Our huge thanks to Professor Ariel Silber, from the University of Sao Paulo, Brazil, and the head of our South American HUB, who opened our online research seminar series today, introduced by Network Fellow Dr. Brian Mantilla and also to the 65 attendees who joined us! This is the first of a series of talks providing our NTD Network partners with a route to share findings and discuss ideas, in the absence of face-to-face research updates at our AGM this year. The seminars will take place on the first and third Wednesdays of each month, and are open to our NTD Network partners, their teams, and our international advisory panel members. Check our blog page for an updated list of our seminar schedule and speakers for 2020!
In today’s presentation, Ariel shared his insights into the peculiar metabolism of Trypanosoma cruzi (the cause of Chagas disease) and how the parasite’s odd biochemistry enables it to enjoy a ‘dangerous lifestyle’. This highly adaptable microbe moves between the enormously different habitats of mammalian (including human) white blood cells, and the gut and salivary glands of the ‘kissing bug’ (Triatoma spp) – an insect with a peculiar and dangerous lifestyle of its own. We heard today how trypanosome biology is consequently “…a strange world, where nothing is as it seems…”. These parasites survive their dangerous circumstances by changing their approach – just as we are now adapting how we operate in a COVID-19 context.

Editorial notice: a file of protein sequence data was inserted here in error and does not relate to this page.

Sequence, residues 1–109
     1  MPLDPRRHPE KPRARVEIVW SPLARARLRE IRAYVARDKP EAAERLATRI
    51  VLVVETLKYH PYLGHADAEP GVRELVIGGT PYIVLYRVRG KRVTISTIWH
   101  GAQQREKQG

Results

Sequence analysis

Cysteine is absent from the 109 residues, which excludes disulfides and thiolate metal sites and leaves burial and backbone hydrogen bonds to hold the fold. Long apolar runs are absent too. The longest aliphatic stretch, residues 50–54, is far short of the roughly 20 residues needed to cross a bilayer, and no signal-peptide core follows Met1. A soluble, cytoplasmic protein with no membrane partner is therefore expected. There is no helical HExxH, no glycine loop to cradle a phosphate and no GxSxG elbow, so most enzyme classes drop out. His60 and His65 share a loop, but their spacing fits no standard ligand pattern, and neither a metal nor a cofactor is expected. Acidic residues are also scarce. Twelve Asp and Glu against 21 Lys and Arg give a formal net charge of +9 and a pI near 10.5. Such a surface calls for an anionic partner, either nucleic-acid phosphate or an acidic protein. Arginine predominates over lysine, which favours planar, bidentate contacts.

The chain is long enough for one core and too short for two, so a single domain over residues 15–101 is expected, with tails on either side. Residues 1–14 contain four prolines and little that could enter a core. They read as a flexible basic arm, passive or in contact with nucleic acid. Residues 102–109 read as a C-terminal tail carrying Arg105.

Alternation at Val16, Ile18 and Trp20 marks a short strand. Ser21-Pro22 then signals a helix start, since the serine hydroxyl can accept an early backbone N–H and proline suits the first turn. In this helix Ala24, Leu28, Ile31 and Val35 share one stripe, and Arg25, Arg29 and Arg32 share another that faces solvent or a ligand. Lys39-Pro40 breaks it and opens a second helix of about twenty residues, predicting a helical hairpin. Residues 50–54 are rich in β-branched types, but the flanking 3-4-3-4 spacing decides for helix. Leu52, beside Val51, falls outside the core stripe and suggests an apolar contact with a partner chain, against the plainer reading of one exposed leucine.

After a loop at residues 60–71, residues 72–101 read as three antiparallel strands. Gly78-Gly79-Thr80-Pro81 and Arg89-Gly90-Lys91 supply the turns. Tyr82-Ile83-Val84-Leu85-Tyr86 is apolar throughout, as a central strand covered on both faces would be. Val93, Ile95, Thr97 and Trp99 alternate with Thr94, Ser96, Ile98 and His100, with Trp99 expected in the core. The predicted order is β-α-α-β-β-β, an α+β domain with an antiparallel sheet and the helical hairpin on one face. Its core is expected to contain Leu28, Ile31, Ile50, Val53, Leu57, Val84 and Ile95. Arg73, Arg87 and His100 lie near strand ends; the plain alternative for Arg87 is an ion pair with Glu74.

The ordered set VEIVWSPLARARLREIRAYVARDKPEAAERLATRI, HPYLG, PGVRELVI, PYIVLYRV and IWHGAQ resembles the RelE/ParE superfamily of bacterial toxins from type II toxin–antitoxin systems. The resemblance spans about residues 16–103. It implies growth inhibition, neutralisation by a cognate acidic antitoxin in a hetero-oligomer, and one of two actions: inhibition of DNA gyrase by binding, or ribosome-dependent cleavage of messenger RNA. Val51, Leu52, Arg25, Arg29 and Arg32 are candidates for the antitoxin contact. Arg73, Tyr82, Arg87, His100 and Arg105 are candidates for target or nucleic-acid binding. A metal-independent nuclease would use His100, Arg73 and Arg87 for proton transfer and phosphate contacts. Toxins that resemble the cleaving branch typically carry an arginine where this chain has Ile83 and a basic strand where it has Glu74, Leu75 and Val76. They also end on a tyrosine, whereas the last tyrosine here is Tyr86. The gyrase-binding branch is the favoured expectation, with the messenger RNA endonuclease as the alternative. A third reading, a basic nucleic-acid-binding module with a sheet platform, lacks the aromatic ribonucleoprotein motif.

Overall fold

Today’s seminar was attended by Network members from South America, India, Pakistan, and the UK, navigating awkward time zones and tricky internet connections.
Huge thanks to all for your time, support, and enthusiastic questions! Stay well everyone, and we hope to see you again soon!